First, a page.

New Ethics Report For Neuroscience Research
Professor Henry Greely comments on the importance of ethical conduct in scientific experimentation for the IRB Advisor.
Progress in contemporary neuroscience offers promise for discovering improved interventions, and perhaps cures, for neurological disorders that affect more than one billion people globally and millions of people in the United States, says Lee.
"A single ethical lapse in scientific research can cause a loss of public confidence, which can obstruct the progress of other research," she adds. The report provides examples to illustrate important ethical issues relevant to neuroscience research. These are neuroimaging and brain privacy; dementia, personality, and changed preferences; cognitive enhancement and justice; and deep brain stimulation research.
"This volume is a short, high-level overview of the issues," says Henry T. Greely , JD, director of the Stanford Center for Law and the Biosciences and chair of the steering committee at Stanford Center for Biomedical Ethics. "Its recommendations are good, and I hope they are followed. It really adds up to taking the ethical issues seriously."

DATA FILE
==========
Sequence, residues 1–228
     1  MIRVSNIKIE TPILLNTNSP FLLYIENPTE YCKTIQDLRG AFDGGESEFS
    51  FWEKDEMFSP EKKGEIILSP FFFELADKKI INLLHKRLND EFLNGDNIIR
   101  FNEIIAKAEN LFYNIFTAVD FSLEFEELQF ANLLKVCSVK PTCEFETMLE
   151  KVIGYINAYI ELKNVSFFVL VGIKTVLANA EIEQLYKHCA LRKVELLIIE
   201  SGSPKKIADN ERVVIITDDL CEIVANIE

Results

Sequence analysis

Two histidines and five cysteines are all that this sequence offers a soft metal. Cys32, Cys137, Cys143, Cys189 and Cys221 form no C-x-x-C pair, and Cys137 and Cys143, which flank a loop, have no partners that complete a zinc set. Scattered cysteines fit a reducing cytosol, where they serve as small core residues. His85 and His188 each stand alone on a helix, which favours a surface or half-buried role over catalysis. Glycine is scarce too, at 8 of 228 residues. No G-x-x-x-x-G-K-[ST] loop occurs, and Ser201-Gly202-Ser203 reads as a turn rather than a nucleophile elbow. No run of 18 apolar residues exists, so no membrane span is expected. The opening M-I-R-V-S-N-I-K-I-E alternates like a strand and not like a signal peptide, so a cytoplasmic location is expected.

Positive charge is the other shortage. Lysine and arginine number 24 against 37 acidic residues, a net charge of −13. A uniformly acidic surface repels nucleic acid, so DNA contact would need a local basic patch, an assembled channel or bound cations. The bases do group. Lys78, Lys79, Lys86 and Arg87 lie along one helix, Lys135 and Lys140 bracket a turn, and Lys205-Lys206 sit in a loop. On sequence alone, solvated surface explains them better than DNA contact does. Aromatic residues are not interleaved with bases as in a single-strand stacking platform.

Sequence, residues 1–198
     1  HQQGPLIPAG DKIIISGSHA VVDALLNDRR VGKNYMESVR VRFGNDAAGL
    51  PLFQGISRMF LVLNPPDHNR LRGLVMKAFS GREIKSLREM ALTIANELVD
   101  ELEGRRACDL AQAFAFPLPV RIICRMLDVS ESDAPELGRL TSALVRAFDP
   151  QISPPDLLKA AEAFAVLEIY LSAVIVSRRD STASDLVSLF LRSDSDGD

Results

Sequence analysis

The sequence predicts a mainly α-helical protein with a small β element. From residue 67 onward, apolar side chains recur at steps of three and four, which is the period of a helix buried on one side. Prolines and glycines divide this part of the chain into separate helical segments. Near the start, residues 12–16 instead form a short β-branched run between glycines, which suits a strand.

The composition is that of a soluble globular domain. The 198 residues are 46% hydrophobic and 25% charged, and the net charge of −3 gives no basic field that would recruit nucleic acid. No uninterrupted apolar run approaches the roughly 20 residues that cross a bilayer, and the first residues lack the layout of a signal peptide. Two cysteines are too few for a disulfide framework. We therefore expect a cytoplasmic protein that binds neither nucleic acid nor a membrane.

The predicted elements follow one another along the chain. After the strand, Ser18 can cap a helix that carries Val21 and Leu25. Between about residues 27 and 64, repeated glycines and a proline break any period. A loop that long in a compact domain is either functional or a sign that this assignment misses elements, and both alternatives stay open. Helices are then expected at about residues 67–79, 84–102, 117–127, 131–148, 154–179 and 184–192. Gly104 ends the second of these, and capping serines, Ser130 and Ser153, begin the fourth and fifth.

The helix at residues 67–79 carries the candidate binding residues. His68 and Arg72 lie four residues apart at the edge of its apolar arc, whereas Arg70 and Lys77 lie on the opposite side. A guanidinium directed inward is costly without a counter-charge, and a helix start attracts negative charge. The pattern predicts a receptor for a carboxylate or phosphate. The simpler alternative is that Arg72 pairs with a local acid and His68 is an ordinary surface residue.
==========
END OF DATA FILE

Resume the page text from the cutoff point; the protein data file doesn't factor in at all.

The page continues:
The report's summary of the many ways in which ethics can be integrated into science may be quite useful, adds Greely. "Ethics are most important not for their effects on science, but on people," he says. "Consideration of ethical issues is needed to help make sure that people are safe and well-treated."
Anytime people think they have been harmed by scientific research or its results, or feel they have been lied to, cheated, or betrayed by researchers, is bad for science, says Greely. "The consequences of the Public Health Service's study of untreated syphilis among African-American men - the so-called Tuskegee study - still reverberate," he says.
There is a clear need, says Greely, to address questions of the safety, efficacy, and long-term personal and societal consequences of neuroscience-based predictions and interventions.
"Right now, issues of the ethics of research are foremost: questions of consent, confidentiality, incidental findings, and so on," says Greely. "But neuroscience is edging into clinical, consumer, educational, and even legal system use."